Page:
Honey isn’t a great solvent, but it certainly tastes delicious. Honey makes a lightly medicinal extract that can be enjoyed simply for pleasure – by the spoonful, added to hot water for instant tea, and in dressings, dips, and marinades. Honey itself eases coughs and sore throats, even better when combined with herbs. Fresh plants taste great in herbal honey, but are more prone to fermentation and spoilage because of the water present in them. The cooked method works better here (and can also be used for dried herbs) to quickly extract the herbs in honey and help evaporate the excess moisture. However you will lose the benefits of raw honey if you cook it.
What You’ll Need:
- 1/4 cup chopped fresh herbs or 1/8 cup dried herbs
- 1 cup of honey
- Pot with lid, metal strainer, heat-safe pouring vessel, spoon, jar with lid.
- Coarsely chopped fresh herbs (if using) or put dried herbs into the pot.
- Cover herbs with honey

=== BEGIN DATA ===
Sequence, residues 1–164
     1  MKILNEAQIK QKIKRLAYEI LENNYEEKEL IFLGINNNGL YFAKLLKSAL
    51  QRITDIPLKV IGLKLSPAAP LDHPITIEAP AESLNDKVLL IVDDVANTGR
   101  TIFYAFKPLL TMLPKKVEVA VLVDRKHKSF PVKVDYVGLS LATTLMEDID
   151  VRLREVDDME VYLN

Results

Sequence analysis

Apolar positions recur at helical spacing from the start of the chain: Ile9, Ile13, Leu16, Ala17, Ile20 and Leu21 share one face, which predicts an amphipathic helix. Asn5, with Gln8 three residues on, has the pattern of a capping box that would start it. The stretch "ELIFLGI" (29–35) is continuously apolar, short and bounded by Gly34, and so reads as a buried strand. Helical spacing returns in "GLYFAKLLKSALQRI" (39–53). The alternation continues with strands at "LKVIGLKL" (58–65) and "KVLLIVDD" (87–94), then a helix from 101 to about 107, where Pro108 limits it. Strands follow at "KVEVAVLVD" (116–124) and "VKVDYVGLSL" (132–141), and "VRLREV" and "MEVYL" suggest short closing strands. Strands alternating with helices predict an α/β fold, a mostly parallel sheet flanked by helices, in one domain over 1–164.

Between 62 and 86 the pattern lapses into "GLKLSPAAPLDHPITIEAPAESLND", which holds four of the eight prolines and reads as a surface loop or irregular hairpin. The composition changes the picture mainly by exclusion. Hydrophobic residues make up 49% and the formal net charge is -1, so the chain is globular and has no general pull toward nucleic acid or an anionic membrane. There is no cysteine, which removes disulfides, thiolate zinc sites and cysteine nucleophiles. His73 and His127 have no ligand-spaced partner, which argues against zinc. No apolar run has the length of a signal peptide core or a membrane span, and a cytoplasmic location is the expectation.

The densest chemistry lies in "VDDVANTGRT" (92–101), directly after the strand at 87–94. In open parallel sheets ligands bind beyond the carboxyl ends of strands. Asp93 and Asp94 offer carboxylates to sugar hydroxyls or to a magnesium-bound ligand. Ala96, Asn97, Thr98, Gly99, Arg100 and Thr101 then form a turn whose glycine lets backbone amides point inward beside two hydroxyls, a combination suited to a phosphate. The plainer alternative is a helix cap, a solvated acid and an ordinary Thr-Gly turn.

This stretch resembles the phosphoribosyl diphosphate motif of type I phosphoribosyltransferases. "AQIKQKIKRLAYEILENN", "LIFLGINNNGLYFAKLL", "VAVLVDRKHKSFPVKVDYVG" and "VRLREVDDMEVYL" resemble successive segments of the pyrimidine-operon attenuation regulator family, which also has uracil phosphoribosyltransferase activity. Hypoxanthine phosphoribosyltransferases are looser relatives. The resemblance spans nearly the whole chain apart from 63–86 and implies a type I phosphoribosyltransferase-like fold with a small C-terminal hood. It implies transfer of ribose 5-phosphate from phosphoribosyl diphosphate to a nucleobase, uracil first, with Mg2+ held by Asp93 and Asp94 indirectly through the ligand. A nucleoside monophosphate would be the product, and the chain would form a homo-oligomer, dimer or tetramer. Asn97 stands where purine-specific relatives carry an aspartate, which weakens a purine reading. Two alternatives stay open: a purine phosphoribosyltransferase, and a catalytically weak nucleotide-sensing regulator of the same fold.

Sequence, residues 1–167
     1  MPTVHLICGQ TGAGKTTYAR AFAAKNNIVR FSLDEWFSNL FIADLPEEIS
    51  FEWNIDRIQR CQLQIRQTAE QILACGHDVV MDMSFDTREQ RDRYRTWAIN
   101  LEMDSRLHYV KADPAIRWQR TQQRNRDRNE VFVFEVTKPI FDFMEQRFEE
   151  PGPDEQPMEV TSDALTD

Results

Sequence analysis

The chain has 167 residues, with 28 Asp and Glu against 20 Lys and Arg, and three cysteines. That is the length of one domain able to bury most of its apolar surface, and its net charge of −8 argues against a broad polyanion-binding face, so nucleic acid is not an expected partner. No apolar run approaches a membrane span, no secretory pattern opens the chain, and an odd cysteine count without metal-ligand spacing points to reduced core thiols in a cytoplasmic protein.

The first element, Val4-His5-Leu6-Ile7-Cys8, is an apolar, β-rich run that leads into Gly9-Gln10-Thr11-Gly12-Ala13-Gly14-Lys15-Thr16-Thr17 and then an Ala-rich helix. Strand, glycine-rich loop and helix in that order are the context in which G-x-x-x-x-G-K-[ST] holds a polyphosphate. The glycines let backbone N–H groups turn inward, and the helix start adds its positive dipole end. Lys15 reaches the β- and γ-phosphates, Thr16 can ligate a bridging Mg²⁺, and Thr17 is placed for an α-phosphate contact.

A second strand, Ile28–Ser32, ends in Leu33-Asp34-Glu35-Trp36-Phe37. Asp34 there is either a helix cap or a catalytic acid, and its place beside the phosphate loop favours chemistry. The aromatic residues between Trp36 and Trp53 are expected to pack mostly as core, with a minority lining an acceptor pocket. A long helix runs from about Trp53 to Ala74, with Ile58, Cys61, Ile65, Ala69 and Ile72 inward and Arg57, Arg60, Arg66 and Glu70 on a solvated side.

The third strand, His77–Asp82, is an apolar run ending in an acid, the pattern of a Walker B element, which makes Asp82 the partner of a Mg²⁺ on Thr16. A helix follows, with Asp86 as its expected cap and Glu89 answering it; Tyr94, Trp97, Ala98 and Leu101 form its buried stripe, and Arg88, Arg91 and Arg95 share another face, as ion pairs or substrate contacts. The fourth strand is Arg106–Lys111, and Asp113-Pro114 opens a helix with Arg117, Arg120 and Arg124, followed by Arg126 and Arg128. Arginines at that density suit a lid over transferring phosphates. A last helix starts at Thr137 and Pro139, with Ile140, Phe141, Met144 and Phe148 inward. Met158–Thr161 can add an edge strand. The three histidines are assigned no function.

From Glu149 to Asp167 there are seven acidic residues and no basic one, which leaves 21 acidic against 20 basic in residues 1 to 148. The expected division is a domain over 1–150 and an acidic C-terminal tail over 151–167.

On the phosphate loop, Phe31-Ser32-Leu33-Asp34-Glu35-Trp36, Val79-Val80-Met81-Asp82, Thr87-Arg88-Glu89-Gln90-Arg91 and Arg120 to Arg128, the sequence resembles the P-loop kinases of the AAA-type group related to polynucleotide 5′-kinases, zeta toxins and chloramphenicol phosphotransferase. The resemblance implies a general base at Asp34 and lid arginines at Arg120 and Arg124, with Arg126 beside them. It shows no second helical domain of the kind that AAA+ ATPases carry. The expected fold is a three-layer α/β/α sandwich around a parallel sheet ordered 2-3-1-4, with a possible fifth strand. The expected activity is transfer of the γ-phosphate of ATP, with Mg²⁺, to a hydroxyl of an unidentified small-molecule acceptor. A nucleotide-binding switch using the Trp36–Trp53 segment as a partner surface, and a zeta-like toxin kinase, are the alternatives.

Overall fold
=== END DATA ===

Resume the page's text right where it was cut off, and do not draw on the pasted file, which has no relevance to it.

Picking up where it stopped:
- Gently bring to a simmer, stirring regularly. Keep on as low a setting as possible. Once the honey begins to simmer, shut the heat off. Do not let the honey boil. Let it cool. Repeat the process at least two more times. You can do this the same day, or cover the honey once it’s cooled and extend the process over several days.
- After your last heating (when the herbed honey tastes good), strain it while it’s still warm and pour into your jar. Once cool, check its viscosity. If it’s watery, store in the fridge and use it within a month. If it’s thick, or thicker than the original honey, this should be shelf stable for at least a year. Crystallization is fine, but watch for any signs of mold or fermentation.